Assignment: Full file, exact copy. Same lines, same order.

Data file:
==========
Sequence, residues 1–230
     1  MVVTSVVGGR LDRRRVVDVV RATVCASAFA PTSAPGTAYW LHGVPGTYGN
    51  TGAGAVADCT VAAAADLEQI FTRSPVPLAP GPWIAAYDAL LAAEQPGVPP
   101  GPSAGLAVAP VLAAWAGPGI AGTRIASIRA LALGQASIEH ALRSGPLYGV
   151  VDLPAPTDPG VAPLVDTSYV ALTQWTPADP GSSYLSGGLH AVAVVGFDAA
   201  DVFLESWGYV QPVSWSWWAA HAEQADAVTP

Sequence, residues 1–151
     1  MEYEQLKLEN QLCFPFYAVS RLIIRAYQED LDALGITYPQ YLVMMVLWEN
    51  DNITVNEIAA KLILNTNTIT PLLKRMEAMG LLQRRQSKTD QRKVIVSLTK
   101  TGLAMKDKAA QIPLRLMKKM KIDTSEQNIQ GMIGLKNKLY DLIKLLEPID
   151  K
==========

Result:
Sequence, residues 1–230
     1  MVVTSVVGGR LDRRRVVDVV RATVCASAFA PTSAPGTAYW LHGVPGTYGN
    51  TGAGAVADCT VAAAADLEQI FTRSPVPLAP GPWIAAYDAL LAAEQPGVPP
   101  GPSAGLAVAP VLAAWAGPGI AGTRIASIRA LALGQASIEH ALRSGPLYGV
   151  VDLPAPTDPG VAPLVDTSYV ALTQWTPADP GSSYLSGGLH AVAVVGFDAA
   201  DVFLESWGYV QPVSWSWWAA HAEQADAVTP

Sequence, residues 1–151
     1  MEYEQLKLEN QLCFPFYAVS RLIIRAYQED LDALGITYPQ YLVMMVLWEN
    51  DNITVNEIAA KLILNTNTIT PLLKRMEAMG LLQRRQSKTD QRKVIVSLTK
   101  TGLAMKDKAA QIPLRLMKKM KIDTSEQNIQ GMIGLKNKLY DLIKLLEPID
   151  K